Monday, 4 June 2007

Ayaan Hirsi Ali gets her closing address to the Sydney Writers' Festival, edited to fit, in the 'Opinion' page of The Sydney Morning Herald.

She describes her journey from a traditional Muslim household, via the trash fiction she read as a girl, to studying Freud in Amsterdam, as a refugee. As "a rebellious teenager" she and her sister "discovered the power of words". It's a humanist's ideal scenario for the Third World.

Some of the books had no covers, for they had been in too many hands, but those with covers generally showed a man bending over a woman, with his mouth on hers and their bodies entwined.

We tore these covers off and, if questioned, would claim that these books were required school reading.

As soon as it was demanded that she marry a cousin who "had the Holy Book on his side", she left. In Amsterdam "there were no clans, no tribes, not one but several holy books".

I read their books, about how religious they had been; how they had evolved towards secularism. How they had pushed God from public life.

Freud, whose writings offered "an alternative moral system", was a revelation. "I had never once imagined that a moral framework could exist that wasn't based on religion."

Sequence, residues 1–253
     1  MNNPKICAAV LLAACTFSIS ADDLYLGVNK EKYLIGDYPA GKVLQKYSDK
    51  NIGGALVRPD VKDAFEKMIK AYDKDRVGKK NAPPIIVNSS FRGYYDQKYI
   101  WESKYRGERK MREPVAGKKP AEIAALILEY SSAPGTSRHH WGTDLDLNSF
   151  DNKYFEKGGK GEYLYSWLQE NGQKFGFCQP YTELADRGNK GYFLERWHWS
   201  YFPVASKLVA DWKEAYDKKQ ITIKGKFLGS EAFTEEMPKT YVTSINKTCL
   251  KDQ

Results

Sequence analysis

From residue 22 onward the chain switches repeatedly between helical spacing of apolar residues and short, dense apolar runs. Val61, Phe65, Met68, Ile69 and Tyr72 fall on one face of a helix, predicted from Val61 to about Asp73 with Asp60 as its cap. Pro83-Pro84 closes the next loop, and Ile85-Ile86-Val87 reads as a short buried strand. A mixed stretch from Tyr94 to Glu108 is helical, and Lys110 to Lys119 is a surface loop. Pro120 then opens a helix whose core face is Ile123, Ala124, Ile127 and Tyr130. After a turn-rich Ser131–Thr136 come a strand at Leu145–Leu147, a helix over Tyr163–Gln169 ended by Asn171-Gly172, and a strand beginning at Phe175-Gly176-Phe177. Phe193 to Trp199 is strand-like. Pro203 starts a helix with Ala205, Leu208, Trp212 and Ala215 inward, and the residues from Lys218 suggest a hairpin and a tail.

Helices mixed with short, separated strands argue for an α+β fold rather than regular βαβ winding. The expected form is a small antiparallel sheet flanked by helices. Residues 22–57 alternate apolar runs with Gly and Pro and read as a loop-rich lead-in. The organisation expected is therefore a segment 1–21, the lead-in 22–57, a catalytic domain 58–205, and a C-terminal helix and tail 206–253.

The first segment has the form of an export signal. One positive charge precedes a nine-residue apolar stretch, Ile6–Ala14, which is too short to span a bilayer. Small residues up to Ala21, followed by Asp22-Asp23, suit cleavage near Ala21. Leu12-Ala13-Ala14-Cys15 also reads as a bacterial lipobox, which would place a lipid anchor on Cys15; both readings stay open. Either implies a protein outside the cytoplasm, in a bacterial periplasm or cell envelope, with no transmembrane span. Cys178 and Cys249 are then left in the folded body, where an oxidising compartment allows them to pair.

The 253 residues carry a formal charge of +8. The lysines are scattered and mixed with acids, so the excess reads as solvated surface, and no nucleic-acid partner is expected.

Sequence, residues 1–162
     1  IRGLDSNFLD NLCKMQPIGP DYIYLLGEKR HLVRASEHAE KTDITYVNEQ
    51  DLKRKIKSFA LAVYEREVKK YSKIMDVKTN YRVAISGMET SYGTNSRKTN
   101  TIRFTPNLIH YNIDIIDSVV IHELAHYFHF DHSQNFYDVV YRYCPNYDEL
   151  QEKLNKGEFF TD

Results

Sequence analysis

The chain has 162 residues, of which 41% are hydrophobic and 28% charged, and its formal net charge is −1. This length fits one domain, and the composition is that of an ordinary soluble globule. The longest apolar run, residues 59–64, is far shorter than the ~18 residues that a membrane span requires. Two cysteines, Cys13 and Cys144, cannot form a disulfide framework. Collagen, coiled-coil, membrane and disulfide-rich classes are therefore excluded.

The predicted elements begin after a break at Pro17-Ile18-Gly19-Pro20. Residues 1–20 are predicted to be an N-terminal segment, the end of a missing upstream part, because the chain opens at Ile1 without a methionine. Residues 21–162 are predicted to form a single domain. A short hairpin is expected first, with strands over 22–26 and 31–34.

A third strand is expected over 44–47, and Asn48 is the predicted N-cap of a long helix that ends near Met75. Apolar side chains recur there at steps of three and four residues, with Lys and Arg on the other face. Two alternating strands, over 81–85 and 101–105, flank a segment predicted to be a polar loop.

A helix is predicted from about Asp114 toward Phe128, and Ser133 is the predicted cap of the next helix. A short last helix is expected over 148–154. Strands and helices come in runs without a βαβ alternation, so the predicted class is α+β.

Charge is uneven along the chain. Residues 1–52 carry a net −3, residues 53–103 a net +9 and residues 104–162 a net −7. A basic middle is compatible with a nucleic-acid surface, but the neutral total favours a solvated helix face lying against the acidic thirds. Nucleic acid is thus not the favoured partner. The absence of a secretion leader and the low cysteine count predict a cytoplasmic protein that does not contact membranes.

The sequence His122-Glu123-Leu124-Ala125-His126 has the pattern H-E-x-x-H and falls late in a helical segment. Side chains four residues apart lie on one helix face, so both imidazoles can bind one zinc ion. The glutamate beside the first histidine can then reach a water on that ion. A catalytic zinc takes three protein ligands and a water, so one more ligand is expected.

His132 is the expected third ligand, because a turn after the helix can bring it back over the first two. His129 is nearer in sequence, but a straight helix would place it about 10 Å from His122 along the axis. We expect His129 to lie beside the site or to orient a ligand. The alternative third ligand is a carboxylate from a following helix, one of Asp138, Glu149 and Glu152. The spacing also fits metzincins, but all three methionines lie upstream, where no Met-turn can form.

It was a sacrilege to read these things, she avers: "Almost every page I read challenged me as a Muslim. To read these books was sinning."

After 11 September 2001, she realised that bin Laden's "words of justification" were in the Koran.

The little box at the back of mind, where I had stuffed all my dissonant thoughts, snapped open, and it refused to close. I had to make the leap to believing the Holy Book was relative - not absolute, not the literal syllables pronounced by God, but a historical record, written by men 150 years after the Prophet Muhammad's death. In other words, it was just another book.

This is a journey that many make in the West.

In my case, growing up in a family where my mother's father had been a Communist, and my father was a man who ridiculed "sky pilots", it was not difficult to deny revealed truth in the gospels. But the school I attended was Anglican, and my grandmother went every Sunday to church.

We also went to summer camps run by the church, where the guardians were religious men.

But we survived. Compared to Hirsi Ali's journey, mine was simple.

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